JERUSALEM: Israeli and Palestinian officials set for crunch talks in Cairo will decide whether to extend a fragile truce and who can best profit from the latest fighting in Gaza.
Analysts say the jury is still out on who won or lost the most from the one-month conflict that killed 67 in Israel and more than 1,870 Palestinians, cautioning that a tentative ceasefire could erupt quickly into further bloodshed.
A small Israeli and a joint Palestinian delegation, representing the Palestinian Authority, Hamas and Islamic Jihad, have been dispatched to the Egyptian capital with demands all but impossible to reconcile.
The United States will "likely" participate in the talks, a State Department spookesperson said in Washington.
Palestinian analysts agree that Hamas, the organisation that controls the Gaza Strip but blacklisted a terrorist organisation by Israel, must act quickly to consolidate their position.
The losses it inflicted on Israel have increased its popularity among Palestinians and Arabs, said Mukhaimer Abu Saada, political science professor at al-Azhar University in Gaza.
"It achieved military successes that no one could imagine," he said.
Isolated and weakened by Israel's eight-year blockade on Gaza and deteriorating relations with Egypt, Hamas is back to the political fore, taking a central role in representing Palestinian interests, he said.
But for the Palestinians and Hamas in particular, Abu Saada says the real challenge is not only the truce, but reconstruction, education and the fate of hundreds of thousands of people displaced by the fighting.
One of the Palestinians' key demands in Cairo will be the lifting of Israel's blockade, which suffocates the tiny sliver of territory, home to 1.8 million people and smaller than Britain's holiday island, the Isle of Wight.
The Palestinian delegation also wants Israel and Egypt to open Gaza's border crossings.
"If results don't tally with attacks then Hamas won't come out stronger, quite the contrary," said George Giacaman, professor at Bir Zeit University in the West Bank.
Lifting the blockade looks uncertain at best.
Israeli officials want nothing coming into Gaza that could be used to build tunnels used by Palestinian fighters to infiltrate Israel and a major reason for Israel's ground offensive.
Asked about a possible lifting of the blockade, Yigal Palmor, spokesman for the foreign ministry, said Israel allows the passage of "almost everything, including building materials, provided they are intended for projects led by the UN, international organisations, foreign countries."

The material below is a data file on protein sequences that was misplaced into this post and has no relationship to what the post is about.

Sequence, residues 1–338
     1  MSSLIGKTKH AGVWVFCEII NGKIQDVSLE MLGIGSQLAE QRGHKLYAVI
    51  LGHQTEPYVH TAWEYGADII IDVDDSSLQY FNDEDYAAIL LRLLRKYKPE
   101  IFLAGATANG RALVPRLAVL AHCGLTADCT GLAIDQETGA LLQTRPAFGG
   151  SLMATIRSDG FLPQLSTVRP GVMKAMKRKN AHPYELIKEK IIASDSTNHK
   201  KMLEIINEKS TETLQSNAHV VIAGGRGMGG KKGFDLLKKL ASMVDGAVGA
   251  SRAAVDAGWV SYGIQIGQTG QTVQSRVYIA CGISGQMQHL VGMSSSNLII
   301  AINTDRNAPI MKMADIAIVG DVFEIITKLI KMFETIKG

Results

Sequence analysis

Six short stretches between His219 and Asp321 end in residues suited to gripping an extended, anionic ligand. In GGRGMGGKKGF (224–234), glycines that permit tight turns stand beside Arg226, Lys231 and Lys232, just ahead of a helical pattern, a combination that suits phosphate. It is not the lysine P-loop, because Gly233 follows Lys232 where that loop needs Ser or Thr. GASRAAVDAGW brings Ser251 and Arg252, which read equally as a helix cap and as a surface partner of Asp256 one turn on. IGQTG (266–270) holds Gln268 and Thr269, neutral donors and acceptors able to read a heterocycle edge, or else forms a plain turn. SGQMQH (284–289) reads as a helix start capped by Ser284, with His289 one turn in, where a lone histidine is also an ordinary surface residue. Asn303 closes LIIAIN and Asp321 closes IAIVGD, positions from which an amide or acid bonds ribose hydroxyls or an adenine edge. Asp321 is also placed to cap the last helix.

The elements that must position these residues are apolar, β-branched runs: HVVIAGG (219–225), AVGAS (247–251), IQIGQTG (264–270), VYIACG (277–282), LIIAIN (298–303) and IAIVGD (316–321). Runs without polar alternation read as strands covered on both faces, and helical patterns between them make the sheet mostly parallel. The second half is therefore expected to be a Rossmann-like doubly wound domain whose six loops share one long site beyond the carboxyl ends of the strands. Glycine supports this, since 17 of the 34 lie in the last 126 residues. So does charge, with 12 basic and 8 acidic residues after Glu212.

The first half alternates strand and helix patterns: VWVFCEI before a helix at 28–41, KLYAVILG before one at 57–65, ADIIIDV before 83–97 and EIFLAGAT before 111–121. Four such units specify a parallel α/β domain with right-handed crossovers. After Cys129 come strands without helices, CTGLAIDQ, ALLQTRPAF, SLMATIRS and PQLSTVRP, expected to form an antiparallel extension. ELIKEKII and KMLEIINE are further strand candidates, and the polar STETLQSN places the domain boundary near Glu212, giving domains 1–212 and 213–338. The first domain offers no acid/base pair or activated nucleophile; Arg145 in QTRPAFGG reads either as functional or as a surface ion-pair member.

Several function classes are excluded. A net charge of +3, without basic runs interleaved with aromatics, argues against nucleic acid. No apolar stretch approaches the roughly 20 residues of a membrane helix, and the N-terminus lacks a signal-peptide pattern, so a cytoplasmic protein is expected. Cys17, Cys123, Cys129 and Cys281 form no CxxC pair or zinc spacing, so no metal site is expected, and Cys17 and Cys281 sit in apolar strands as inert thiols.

Prime Minister Benjamin Netanyahu insists that Israel's security must come first.
The army says it dealt a heavy blow to Hamas, that 900 "terrorists" were killed, and its network of tunnels and thousands of rockets destroyed.
But it also concedes the threat has not been eliminated entirely.
"We expect that they still have about 3,000 rockets left. This is a challenge we have to address," army spokesperson Lieutenant Colonel Peter Lerner said.
There are those on the political right in Israel that are clamouring for even tougher action to come.
"If the rocket fire resumes, I would be in favour of a total reoccupation of the Gaza Strip," Communications Minister and Netanyahu ally, Gilad Erdan, told army radio.
But Israeli analysts see more mixed results.
"The military capabilities of Hamas were not destroyed and the Israeli army failed to eliminate important military and political officers in Hamas," said Ely Karmon, a researcher at the Herzliya Interdisciplinary Center.
"That's why the results of the operation are mixed," he added.
Analysts stress that the truce is fragile.
"I'm not sure at all that the ceasefire will hold a long time because the raison d'etre of Hamas is the destruction of Israel," said Mark Heller, a member of the Centre for Strategic Studies, at the University of Tel Aviv.
And comprehensive peace talks between Israel and the Palestinians are something else.
"Peace negotiations are separate from the situation in Gaza," said Yossi Kuperwasser, director general of Israel's ministry of strategic affairs.
"No one is more interested in peace than we are, but in order to resume peace talks something has to happen on the Palestinian side. And what we see now is the Palestinians still launching rockets."